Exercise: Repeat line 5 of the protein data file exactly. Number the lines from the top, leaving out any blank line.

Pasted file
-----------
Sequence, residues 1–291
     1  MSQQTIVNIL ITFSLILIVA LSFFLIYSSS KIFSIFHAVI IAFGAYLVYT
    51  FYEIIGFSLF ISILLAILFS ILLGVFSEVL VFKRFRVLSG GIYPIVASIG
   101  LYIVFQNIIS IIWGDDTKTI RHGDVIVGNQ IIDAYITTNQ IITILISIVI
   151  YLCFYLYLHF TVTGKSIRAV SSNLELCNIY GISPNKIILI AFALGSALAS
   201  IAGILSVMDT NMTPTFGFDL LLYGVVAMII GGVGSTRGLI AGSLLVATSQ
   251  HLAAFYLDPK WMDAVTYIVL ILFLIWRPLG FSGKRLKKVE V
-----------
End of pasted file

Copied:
   151  YLCFYLYLHF TVTGKSIRAV SSNLELCNIY GISPNKIILI AFALGSALAS